Jaamil Olawale Kosoko

2020 PEW FELLOW
Updated
5 Feb 2021

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Jaamil sits on a brown leather couch gazing at the camera. They are lit from the side by natural light. They have dark skin, short facial hair, and a shaved head and are wearing a long dress with a large blue & white geometric pattern and gold necklace.

Jaamil Olawale Kosoko, 2020 Pew Fellow. Photo by Ryan Collerd.

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Jaamil sits on a brown leather couch gazing at the camera. They are lit from the side by natural light. They have dark skin, short facial hair, and a shaved head and are wearing a long dress with a large blue & white geometric pattern and a gold necklace.

Jaamil Olawale Kosoko, 2020 Pew Fellow. Photo by Ryan Collerd.

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Jaamil stands gazing at the camera, visible from the chest up. They have dark skin, short facial hair, and a shaved head and are wearing a sheer white robe with a geometric metallic necklace and gold earrings.

Jaamil Olawale Kosoko, 2020 Pew Fellow. Photo by Ryan Collerd.

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Jaamil Olawale Kosoko, 2020 Pew Fellow. Photo by Eric Carter.

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Jaamil Olawale Kosoko, 2020 Pew Fellow. Photo by Sarah Griffith, courtesy of the Curtis R. Priem Experimental Media and Performing Arts Center (EMPAC).

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Jaamil Olawale Kosoko, 2020 Pew Fellow. Photo by Sarah Griffith, courtesy of the Curtis R. Priem Experimental Media and Performing Arts Center (EMPAC).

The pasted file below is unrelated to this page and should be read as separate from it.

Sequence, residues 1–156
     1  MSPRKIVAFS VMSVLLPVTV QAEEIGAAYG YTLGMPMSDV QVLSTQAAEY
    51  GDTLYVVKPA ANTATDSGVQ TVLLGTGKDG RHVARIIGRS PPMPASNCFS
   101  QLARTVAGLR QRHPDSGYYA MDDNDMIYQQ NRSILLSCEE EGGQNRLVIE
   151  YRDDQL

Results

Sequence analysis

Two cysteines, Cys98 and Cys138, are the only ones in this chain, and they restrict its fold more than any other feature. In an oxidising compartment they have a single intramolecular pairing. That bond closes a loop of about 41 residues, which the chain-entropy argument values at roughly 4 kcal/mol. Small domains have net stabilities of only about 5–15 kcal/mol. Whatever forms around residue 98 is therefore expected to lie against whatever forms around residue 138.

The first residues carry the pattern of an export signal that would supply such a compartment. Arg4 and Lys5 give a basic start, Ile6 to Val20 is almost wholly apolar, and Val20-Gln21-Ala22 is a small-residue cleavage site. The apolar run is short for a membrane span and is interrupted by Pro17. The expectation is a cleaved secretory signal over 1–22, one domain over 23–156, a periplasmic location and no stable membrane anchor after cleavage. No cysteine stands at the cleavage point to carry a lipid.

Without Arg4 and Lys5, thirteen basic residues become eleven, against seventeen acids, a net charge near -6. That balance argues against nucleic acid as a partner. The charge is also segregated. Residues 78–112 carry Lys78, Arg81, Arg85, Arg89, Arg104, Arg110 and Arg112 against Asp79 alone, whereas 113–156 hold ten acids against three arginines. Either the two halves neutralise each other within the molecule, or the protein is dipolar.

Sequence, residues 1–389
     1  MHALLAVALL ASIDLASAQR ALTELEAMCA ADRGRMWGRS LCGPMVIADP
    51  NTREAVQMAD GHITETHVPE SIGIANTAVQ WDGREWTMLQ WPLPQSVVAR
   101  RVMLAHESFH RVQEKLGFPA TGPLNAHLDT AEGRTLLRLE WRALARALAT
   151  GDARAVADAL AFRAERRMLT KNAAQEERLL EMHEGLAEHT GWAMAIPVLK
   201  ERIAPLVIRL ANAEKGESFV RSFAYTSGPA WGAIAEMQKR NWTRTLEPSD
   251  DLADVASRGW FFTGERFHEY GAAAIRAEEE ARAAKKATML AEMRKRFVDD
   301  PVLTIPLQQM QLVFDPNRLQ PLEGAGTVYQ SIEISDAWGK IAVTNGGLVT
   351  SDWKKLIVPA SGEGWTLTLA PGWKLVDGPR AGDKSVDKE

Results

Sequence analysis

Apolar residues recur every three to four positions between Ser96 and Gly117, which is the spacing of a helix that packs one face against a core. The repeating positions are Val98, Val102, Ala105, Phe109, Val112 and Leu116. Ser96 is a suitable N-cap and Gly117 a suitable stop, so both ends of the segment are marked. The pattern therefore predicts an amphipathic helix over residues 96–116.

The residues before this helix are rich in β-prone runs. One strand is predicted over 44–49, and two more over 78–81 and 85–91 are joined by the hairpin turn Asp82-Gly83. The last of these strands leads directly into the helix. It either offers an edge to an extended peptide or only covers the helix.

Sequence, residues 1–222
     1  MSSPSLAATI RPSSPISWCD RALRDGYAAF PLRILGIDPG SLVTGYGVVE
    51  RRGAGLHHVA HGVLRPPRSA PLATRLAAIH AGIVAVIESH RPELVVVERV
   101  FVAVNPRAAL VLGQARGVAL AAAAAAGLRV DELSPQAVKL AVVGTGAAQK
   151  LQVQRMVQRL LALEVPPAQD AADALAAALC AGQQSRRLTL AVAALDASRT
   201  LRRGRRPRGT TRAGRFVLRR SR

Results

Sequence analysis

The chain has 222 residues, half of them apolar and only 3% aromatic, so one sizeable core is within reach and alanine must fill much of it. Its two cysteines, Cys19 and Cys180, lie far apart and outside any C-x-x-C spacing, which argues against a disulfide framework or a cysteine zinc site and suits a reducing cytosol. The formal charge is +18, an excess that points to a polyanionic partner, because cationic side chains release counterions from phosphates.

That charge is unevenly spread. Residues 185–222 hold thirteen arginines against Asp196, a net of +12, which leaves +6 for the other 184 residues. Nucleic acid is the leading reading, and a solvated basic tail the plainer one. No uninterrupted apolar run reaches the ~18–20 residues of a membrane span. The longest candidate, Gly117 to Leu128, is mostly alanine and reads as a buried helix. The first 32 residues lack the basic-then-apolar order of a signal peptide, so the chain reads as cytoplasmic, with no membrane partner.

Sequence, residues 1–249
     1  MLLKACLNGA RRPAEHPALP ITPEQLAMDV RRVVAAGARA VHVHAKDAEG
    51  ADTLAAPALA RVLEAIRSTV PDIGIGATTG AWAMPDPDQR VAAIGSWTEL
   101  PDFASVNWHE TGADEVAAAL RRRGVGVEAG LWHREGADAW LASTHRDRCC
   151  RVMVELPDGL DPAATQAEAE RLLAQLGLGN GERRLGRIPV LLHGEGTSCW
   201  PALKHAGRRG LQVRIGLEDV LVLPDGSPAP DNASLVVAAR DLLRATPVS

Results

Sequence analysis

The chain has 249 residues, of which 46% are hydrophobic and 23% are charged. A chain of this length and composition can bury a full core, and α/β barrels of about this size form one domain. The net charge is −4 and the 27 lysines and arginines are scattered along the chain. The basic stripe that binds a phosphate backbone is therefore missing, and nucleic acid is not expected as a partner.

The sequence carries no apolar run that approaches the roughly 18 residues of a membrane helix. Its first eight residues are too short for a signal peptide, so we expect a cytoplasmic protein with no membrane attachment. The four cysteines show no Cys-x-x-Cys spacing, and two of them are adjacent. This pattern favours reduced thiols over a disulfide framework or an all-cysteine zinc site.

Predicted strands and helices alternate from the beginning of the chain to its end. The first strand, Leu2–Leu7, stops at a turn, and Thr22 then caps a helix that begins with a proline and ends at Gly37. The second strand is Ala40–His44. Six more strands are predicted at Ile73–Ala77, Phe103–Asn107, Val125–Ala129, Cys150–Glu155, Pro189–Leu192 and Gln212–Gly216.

“I am especially interested in presenting narratives that disrupt conventional performance to recast the historical positionality of the Black body, confront trauma, and offer creative processes for healing.”

Jaamil Olawale Kosoko’s performance works incorporate elements of dance, music, poetry, film, and visual art to reflect on Black and queer identity. His work employs historical events and archival relics to speak to contemporary life and explores how performance can serve as a platform to negotiate difference and create new modes of understanding. In Chameleon—a live performance piece that includes poetry, music, film, a podcast, and a syllabus—Kosoko draws on the words of Octavia Butler, Audre Lorde, and Luther Vandross “as a map to locate moments of spiritual and psychological freedom,” he says. He has toured widely, presenting his work at US venues such as Abrons Art Center, Danspace Project, Art Basel Miami, and FringeArts and abroad at the Oslo Internasjonale Teaterfestival in Norway, Brighton Festival in England, and Tanz im August in Germany, among others. He has received a National Dance Project Award, a Princeton Arts Fellowship, and a Cave Canem Fellowship. Kosoko has an MA in performance curation from the Institute of Curatorial Practice in Performance at Wesleyan University.